Saturday, 30 July 2011

Thomas Ablett at BGS

As promised in ‘Ability to draw’:

Thomas Robert Ablett (1848-1945) lived long enough to see great changes in the nature of art education. As a young man he taught art at Bradford Grammar School and, choosing to depart from the contemporary practice of hard outline drawing in pencil, encouraged the children to draw freely from memory and imagination, maintaining that the so-called Freehand Drawing of the Department of Science and Art was not freehand at all, but rather attempted geometrical drawing without instruments. His success at Bradford led to his appointment to the London School Board in 1882.

In 1888 Ablett read a paper to the Society of Arts on drawing as a means of education, and he was encouraged in that year to found the Drawing Society. Lord Leighton, Holman Hunt, Lewis Carroll, Sir John Tenniel, Viscount Bryce and Lord Baden-Powell were early supporters ; and Princess Louise, the artist daughter of Queen Victoria, was the Society's president from its inception to her death in 1939....

Ablett also organized graded art examinations and, by this means and by its exhibitions, the Society has since discovered and assisted many budding artists from Britain and abroad with awards and advice. Out- standing artists who received early encouragement from the Society included Sir William Rothenstein, Rex Whistler, Sir Gerald Kelly, P.R.A., Edward Halliday, Claude Rogers, A. R. Thomson, Robert Austin, and Anna Zinkeisen. Drawings by Whistler submitted from the age of five, and 'Babyland', are still in the possession of the Society.
Ablett made two notable contributions to methods of art education. One of these, 'written design', arose from his conviction that a child would get delight from drawing and arranging letters freely, and consisted of using letters of the alphabet as motifs for design. The modern practice of letter patterns for juniors and Marion Richardson's 'writing patterns' stemmed from Ablett's written design.

'Snapshot drawing' was Ablett's other innovation. The child was encouraged to observe an object carefully but quickly, say a plant or figure, and then draw it when removed from view. It was one variation on Boisbaudran's system, others being Catterson Smith's 'shut-eye drawing' and Marion Richardson's mental imagery. Lord Baden Powell took up this method from an early age and later introduced 'snapshot drawing' for tests for the Scout's artist's badge, appointing Ablett as examiner.

Both Cooke and Ablett arrived at their views on child art primarily from the current new theories of child education and psychology, rather than from a special appreciation of the aesthetic merit of child art. This is evident from the phrases used by Cooke in his paper of 1885: 'exercise of function . . . to evolve expression . . . to stimulate voluntary mental activity' ; and from the words of Ablett, such as 'freedom' and 'muscular sense is the element'. Ablett arrived at his methods by grasping a psychological principle. Like Bain, he believed that art must arise from an instinct of which the fulfilment was pleasurable emotion. Ablett called his system 'Drawing from Delight', and his belief that art must be primarily delight led him to seek appropriate media, such as brush and paint, for the child, suitable for easy and natural manipulation.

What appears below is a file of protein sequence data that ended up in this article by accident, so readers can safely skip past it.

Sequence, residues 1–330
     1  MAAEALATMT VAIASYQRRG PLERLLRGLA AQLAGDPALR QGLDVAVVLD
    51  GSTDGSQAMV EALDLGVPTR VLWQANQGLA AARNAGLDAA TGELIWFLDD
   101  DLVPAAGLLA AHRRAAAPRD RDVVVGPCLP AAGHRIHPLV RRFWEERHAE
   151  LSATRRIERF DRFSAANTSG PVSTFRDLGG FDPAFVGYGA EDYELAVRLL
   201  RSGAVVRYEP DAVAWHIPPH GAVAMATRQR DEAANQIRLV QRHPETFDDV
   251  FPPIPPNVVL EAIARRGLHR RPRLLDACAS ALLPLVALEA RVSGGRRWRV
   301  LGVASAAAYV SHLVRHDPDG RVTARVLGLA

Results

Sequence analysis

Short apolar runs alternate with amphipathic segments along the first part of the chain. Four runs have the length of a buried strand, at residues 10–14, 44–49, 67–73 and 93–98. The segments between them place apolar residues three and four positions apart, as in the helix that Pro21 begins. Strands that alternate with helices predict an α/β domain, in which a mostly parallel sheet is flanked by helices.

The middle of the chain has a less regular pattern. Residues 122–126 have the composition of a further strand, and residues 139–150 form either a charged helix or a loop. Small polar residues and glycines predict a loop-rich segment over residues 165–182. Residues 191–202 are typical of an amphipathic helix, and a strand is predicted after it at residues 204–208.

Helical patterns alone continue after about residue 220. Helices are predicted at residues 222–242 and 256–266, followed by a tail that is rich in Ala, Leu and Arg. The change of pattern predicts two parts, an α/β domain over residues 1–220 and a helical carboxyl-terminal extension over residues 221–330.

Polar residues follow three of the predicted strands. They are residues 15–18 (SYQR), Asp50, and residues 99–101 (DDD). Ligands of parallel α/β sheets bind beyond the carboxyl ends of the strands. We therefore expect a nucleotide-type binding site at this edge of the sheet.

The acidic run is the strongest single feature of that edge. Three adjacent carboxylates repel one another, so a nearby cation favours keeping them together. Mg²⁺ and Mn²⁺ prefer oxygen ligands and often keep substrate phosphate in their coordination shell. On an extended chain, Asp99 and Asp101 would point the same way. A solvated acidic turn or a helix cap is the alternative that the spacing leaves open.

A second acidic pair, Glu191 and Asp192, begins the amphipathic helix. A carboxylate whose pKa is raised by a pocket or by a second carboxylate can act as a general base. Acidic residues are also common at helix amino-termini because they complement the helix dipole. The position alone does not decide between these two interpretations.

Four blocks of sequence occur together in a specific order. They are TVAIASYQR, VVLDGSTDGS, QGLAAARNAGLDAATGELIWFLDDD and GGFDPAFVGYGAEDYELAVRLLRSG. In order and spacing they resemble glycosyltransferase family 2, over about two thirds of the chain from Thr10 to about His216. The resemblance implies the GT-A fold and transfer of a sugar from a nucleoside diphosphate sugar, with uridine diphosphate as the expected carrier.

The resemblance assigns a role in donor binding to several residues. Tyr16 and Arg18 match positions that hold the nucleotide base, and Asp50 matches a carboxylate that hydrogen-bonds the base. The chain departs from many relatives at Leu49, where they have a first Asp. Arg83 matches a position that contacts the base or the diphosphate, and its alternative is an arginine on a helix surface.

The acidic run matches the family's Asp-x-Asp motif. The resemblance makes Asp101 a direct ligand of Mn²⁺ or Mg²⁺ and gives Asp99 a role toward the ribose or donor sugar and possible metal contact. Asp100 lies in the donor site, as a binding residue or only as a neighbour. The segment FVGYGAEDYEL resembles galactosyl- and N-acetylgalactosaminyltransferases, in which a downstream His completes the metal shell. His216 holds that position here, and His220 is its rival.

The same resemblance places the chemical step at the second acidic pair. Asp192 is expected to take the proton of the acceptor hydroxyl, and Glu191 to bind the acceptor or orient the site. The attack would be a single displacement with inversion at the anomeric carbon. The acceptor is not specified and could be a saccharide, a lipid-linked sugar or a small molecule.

Both Cooke and Ablett pioneered investigations into children's scribbles and were deeply interested in the theories of Sully, which were made known to a wide public in the nineties.

From MacDonald, Stuart, History and Philosophy of Art Education. U of London Press, 1970, 327-8 -- excellent book I found when trying to find out why Britain, uniquely in Europe and America, had a respectable art school/college in nearly every significant town. Turns out it was the efforts of one man, Henry Cole, the man behind the Crystal Palace. (Other good books turned up in the same quest were by Carline, Draw They Must : a History of Teaching and Examining of Art, and Bonython and Burton, The Great Exhibitor: The Life and Work of Henry Cole.)

Does art education any longer have a connection with child psychology, let alone with the Boy or Girl Scouts and the Royal Family? (Prince Charles, perhaps?)

Incidentally the inspiration behind these guys -- Ablett and, before him, Ebenezer Cooke - and the first to take up arms against the Science and Art Department that controlled the art exams and grants -- was Ruskin.

Bradford Grammar School has, or had, a Delius Music Room and a Rothenstein Art Room.  If the second art room hasn’t been named it should clearly be the Ablett Art Room.


Andy Wood said...

Thanks for this article. I have been researching members of the Royal Institute of Painters in Water Colours and found your blog while reading up on Thomas Ablett RI. If it hadn't been for Ruskin, Cooke, Ablett. et al (and Henry Cole of course) I and many others probably wouldn't have learned to love drawing so much that we became artists.

Pete Medway said...

Thank you for the comment, Andy. I'd forgotten all about this post!

Not much of his influence was left at Bradford GS when I was there, but then there didn't need to be: the effects of the artists and teachers you list were in the air and you couldn't escape drawings and paintings produced in their wake.